Dear Little Angel,
For the past few days I have spent my time in Connecticut in training required by work in hopes of helping me develop into a stronger leader. Tonight, while setting in the classroom I received an email from your mother to call home as soon as time permitted. As this type of message is not common from your mother, I dismissed myself from the training room and into the hallway. A few short rings sounded, followed by your mother's somber voice on the other end of the line. "Honey, your grandfather passed away early this morning. I am sorry." I thanked her for letting me know, and bid her goodbye. Throughout the day, my mind has focused on the passing of this man in my life. Countless summers have been spent bailing hay in the field, early mornings as we bottle fed the calves in the old barn behind his house or hours setting in the bow of the aluminum boat as the sun baked the energy out of a small child while I was told to be very quiet so I did not scare the fish.
My grandfather. Visits to his house where a treat for a curious boy. The back yard and acres of farm were filled with old cars, empty fields, parts of torn down wood buildings and piles of window pains. One of my summers was spent picking up rocks from the fields and placing them in the front bucket of the tractor, we called old yeller, for punishment to a boy and his cousins who had made a game out of tying a piece of twine around a old rusty spike from a tractor plow. The object, drop the spike to see how many glass windows stacked on the ground below could be pierced and broken. The twine attached to the spike made for an easy retrieval back to the top of the old triangle shaped trusses that housed the stacks of windows setting in the middle of the field so the game could be played over and over again. I would imagine we had to of broken hundreds of windows that had been saved for years with the dreams of one day building a greenhouse.
As a growing boy, we loved to travel to Morgan. The fields in the lower valley shimmered with the water of the irrigation canals. In the heat of the summer, hours were spent walking the banks watching for a leopard frog to jump as it attempted to escaped the hands of it's would be captor. The dry farms behind the house made for an excellent target range for BB guns at first, then rifles and shotguns as we turned into adults. As children, grandpa always had horses. In his younger years, the horses were his means of transportation into the back country of the High Unitas with Uncle Dick. As he aged, he rarely road the horses, but kept them around for many years. Often trips to my grandparents house was rewarded when grandpa or Aunt Joy would saddle the horses and ride us around the farm.
On a recent trip to his house before he was to weak to travel his farm, I was scolded for shooting up one of his gates. I was a little perplexed as I had learned my lesson years ago, when older cousins were punished for shooting out the windows in the old abandoned cars out back of the house. Sure he was mistaken, I challenged with a little sarcasm ...."What gate are you talking about Grandpa?" A quick response came. "The board, I use to block the hole in the fence so Drisco can get through when he does his morning walks." Immediately, images of a board laying in the field we had found and used to tape our targets to popped into my head. I replied, "How were we suppose to know that was a gate? How many people would guess an old dried sun faded board laying in the middle of the field was a gate?" Grandpa's reply was swift, "Well it was a gate and now I have to find a new one."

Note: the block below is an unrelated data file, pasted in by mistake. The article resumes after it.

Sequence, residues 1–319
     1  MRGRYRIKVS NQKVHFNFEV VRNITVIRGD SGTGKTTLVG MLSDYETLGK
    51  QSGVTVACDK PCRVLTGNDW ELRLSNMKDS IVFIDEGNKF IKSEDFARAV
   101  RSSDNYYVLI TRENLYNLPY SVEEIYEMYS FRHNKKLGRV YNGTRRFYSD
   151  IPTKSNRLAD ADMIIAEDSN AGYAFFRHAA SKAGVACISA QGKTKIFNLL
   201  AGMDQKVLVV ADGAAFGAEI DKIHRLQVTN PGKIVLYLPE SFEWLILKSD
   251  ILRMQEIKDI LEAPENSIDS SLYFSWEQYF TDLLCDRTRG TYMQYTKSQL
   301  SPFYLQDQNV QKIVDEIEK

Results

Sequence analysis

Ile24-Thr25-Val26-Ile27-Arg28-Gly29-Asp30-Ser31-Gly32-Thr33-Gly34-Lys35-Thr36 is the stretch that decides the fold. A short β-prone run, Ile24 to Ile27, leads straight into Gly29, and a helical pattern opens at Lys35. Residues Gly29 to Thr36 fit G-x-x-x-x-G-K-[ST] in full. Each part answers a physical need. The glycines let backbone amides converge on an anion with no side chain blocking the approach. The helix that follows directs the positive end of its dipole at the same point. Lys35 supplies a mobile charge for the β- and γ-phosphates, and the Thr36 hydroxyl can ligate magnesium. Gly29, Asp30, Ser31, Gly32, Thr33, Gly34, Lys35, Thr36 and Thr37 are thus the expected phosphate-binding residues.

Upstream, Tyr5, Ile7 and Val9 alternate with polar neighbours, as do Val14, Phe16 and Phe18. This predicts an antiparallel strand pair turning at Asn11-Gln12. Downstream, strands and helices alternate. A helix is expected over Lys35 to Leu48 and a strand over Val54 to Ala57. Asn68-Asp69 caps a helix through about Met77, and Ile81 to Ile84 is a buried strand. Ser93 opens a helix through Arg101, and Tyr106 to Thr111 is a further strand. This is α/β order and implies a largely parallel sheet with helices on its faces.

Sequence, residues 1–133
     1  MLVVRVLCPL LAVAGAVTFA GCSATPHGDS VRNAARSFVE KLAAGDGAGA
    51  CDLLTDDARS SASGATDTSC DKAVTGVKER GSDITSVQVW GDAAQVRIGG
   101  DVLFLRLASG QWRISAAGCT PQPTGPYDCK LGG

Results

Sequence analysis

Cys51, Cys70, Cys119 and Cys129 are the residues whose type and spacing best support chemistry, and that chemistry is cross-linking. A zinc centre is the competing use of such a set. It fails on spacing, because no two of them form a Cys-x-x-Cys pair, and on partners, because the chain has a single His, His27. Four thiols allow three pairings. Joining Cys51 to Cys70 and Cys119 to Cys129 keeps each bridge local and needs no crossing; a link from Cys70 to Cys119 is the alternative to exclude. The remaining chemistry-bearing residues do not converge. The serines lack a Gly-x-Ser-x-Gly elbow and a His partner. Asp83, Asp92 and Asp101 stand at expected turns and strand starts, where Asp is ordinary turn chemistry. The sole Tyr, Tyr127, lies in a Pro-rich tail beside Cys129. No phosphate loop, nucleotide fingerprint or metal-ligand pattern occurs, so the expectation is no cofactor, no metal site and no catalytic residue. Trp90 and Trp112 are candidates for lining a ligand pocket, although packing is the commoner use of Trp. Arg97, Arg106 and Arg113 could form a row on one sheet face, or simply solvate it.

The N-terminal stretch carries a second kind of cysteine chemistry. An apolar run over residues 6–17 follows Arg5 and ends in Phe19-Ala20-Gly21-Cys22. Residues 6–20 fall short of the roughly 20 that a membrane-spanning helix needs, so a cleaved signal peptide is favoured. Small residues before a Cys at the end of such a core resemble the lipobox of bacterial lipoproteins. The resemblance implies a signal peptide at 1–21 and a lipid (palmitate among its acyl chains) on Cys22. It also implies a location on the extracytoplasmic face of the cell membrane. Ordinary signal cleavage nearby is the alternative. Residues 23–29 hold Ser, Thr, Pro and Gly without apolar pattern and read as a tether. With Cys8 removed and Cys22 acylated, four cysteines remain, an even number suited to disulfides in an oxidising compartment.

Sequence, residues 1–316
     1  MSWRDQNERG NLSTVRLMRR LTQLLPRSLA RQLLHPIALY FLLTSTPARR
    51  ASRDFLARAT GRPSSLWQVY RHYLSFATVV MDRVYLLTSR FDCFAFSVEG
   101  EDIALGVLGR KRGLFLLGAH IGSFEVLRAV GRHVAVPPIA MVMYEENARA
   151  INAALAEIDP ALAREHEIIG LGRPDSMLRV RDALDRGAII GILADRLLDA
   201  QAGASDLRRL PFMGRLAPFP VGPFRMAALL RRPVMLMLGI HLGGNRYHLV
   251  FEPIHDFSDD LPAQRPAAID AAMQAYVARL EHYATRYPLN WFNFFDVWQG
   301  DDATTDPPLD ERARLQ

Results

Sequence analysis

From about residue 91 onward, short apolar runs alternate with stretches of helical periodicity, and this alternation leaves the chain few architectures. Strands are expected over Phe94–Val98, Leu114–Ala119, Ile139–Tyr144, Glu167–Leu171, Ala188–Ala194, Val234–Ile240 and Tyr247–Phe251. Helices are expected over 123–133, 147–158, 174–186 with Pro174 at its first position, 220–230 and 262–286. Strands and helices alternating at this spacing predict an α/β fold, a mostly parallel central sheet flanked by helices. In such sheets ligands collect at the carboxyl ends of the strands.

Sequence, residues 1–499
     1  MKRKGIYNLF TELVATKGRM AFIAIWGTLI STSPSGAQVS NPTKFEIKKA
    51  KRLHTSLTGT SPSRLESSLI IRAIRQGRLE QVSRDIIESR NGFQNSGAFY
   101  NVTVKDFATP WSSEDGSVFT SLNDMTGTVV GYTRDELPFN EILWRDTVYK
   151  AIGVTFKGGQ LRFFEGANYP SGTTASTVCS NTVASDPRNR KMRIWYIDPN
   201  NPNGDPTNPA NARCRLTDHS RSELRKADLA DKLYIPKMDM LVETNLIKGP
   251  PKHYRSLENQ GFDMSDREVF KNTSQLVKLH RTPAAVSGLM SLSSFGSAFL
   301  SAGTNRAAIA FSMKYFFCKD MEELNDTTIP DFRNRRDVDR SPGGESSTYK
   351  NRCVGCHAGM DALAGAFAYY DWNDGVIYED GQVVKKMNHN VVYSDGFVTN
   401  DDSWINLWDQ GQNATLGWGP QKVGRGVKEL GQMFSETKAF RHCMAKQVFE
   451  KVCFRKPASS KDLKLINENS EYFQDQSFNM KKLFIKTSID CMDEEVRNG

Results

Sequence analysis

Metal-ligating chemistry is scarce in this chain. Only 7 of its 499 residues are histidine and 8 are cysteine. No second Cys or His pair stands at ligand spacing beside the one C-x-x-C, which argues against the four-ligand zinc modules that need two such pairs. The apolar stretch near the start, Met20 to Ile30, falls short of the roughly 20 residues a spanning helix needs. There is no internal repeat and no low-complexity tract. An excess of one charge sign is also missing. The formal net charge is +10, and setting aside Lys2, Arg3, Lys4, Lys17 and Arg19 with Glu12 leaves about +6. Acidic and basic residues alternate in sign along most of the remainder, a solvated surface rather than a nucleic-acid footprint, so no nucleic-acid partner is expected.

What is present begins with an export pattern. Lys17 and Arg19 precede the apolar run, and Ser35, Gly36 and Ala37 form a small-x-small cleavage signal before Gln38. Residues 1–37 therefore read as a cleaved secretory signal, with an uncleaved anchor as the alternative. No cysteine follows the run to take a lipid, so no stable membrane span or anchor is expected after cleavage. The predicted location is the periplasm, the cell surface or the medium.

On the side of the house is a deep ravine where the old wagon road used to haul sugar beets winds up from the fields below in the valley to the dry farm above. At the bottom of the ravine scattered from the top to the bottom is anything we as grand kids could find that would roll. Old tires, drums from washing machines, and rocks account for many hours spent on the farm. As grand kids, we would search the piles of stuff in the backyard for these round objects. Then, we would carefully roll them over to the edge of the ravine only to let them go as they tore down the hill jumping over the bumps, sagebrush and uneven surfaces until they finally came to rest at the bottom. Although we found the use of our time as well spent, grandfather did not. After all these years, visits in recent months required time set aside to question all the would be wrong doers, "When are you kids going to clean up all those tires and junk you threw down into my ravine?" I always answered him, "I don't imagine to soon. Them tires are heavy. That's why we left them down there as kids."
I believe if my grandfather would want to be remembered for something, it would be the hugs he always gave to the granddaughters when they visited his house. A huge hug as he wrapped his arms around to squeeze tight, followed by the phrase, "If you didn't like that huge....you know it is returnable."
As you grow older, I know your memories of this man in your life will fade. You will struggle to remember who he was and what he was like. I want you to always remember this, every time as the front door opened to his home, you could find him setting in his favorite brown leather lazy-boy in front of his big screen tv, his eyes setting on your big smile as you ran into his house with arms opened wide he would call to you, "There's my beautiful granddaughters. Come give me a hug!" Then he would turn to grandma and say, "We sure got the prettiest Grand kids, don't we Betty!" as he looked to Grandma to join in as each of them hugged and told you how much they love you.